I just read the article on this weeks Testosterone update that mentioned the Tanita 612 bodyfat scale. Does anyone know what the purpose of the athlete mode is? I’m looking to buy one, but if the athlete mode isn’t worth it, I’d just assume save $20. Does anyone have any experience with it? What are your impressions?
Supposedly it’s more calibrated for athletes with low body fats and higher water content in thier muscles. You can get significant differences by using the “wrong” mode. Personally, I think thier a bunch of junk if your looking for an absolute number to get your BF measured. They are OK if your looking for trends, and you take the measurements under the exact same conditions every time (I heard right out of bed, after a shower is the most accurate).
In my experience a qualified trainer taking many caliper sites (mine uses 9) is just as good. About 2 years ago I tried an experiment: I got weighed underwater, got tested via a high-end bio-impedance machine, and a caliper test, all in the same day within about 3 hours:
9 site calipers: 6.3%
In contrast, Tanita always gets be at least 12% or higher, regardless of mode, although I’ve never done it under the “ideal” conditions mentioned above. It’s also easily thrown off by sodium in your last meal the night before. Once again, it’s probably OK for trends though.
My wife bought me a Tanita 622 for Christmas last year and it has the athlete mode. With the calipers I’m about 9%, but on the Tanita I get readings that range from 10% to 20% – all in the same day. I’ve tried weighing myself at the same time of the day, empty bladder, dry but right after showering, etc and I can’t get any consistency. I know the data isn’t accurate, but I can’t even get data that can I use for trending. IMHO, save your money and get some calipers for $25.
Ive run fat loss groups at a local fitness center for several years and about a year ago perfomed some tests using different methods of BF analysis. I tested BF before and after a 1 month strict fat loss program using calipers and a hand held BF tester that uses similar methods to the tanita. The bioelectrical impedence method read approx 2% higher on the majority of initial measurements with the occasional measurement varying ±4%. The measurements after 1 month of strict diet started to show more differences. The average reading on the calipers decreased by about 4% while the average reading on the bioelectrical only decreased by about1-2%. I think the bioelectrical is great for telling the average untrained subject what their approximate bodyfat is, but it fails to track changes well. I think the best bet is to buy a cheap set of calipers(they have been very consistent with more expensive varieties) and learn to use them on yourself.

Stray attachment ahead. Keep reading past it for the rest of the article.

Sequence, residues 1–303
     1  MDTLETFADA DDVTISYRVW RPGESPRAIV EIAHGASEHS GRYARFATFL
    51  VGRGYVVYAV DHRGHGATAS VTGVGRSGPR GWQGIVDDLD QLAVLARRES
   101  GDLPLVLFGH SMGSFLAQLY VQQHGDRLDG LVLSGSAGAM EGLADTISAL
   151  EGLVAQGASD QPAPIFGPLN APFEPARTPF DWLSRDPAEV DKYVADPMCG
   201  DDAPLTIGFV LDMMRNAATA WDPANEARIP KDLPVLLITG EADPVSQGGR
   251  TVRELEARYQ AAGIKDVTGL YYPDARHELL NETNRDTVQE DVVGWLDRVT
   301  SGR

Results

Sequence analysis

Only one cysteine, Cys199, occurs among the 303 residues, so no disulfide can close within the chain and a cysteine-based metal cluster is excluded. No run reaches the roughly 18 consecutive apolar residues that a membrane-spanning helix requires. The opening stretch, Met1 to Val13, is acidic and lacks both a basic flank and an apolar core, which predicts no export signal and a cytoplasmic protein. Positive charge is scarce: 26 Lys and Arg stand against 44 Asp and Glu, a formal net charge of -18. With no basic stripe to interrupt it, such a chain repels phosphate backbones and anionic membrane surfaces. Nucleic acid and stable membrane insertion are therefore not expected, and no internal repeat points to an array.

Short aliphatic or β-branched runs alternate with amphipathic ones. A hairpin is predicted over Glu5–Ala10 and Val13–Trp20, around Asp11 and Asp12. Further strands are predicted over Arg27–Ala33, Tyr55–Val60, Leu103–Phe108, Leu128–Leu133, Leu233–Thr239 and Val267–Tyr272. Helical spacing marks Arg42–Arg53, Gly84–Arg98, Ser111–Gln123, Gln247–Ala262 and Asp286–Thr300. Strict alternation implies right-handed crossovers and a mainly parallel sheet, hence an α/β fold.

I’m not sure if $25 calipers are really accurate enough (at least the ones that you “squeeze” together arent). If you can buy a spring loaded version for that price, I think that will do, with a bit of practice as to where to measure. Really good ones are spring loaded, and electronic (NOTE that the equations in these aren’t that good either though from what I’ve found, but they measure down to 0.1 mm, and you calibrate them with a barrel that comes with it). They cost upwards of $200 (how much is the cost of a Tanita 622?).
I bought some calipers on the web for $25 + $5 for S/H. They are spring loaded, but aren’t electronic. I think I found them on Yahoo! I realize that they aren’t super accurate, but I’ve found them to be consistent. I’m more concerned about consistency so that I can see how by BF% is trending. As I said in an earlier post, I can’t get any consistency out of my Tanita 622.
I’ve seen the 612 for $89.99 and the 622 for $99.99. If you’re dying for a Tanita scale I’d suggest spending the extra $10 for the 622. The 622 keeps settings for two people and has the athlete mode. That said, I’d suggest skipping on a Tanita.
Sounds like the non-electronic spring loaded ones have come down quite a bit in price, or I just wasn’t looking in the right places (more likely!). As somebody said, consistency and the ability to track changes well would be my primary goals with a set (especially if your fairly high now - you certainly dont want to get discouraged because the thing is innacurate, or tells you you’ve lost 1% of body fat when you’ve really lost 5%).
I’ve tried the Tanita Athlete model several times and have found it to be inconsistent and inaccurate. The spring-loaded skin calipers work very accurately if an experienced person uses them. I’ve even been able to follow my own fat trends pretty well by testing on myself. Other than that, I’ve found the infra-red Futrex devices to be quite accurate. I bought one for less than $100 and darned if it doesn’t get within 2% of an accurate caliper test every time.
G’day Dan, where can i get the infrared Futrex device in Australia?
Honyik, I bought my Futrex device while I was living in the States a couple of years ago. As I understand, its not available in Australia. Sorry, mate.
Have you tried one of the bf tests that you put in your waist size and you weight? True they can be totally inaccurate but I find them extremely consistent. It is far easier for me to measure my waist with a tape CONSISTENTLY versus fat calipers. Also there is a way to make them more accurate: Just take the BF% it gives you and have it compared to BF% done with calipers. then tweak the formula and there it is. For example if, like me the caliper reading show you 3% higher, just add this number to the formula and your set. I’ve been using this method for over a year now and it has NEVER been off more that 1%. Anyway I hope it helps. BTW I have a Tanita - waste of money!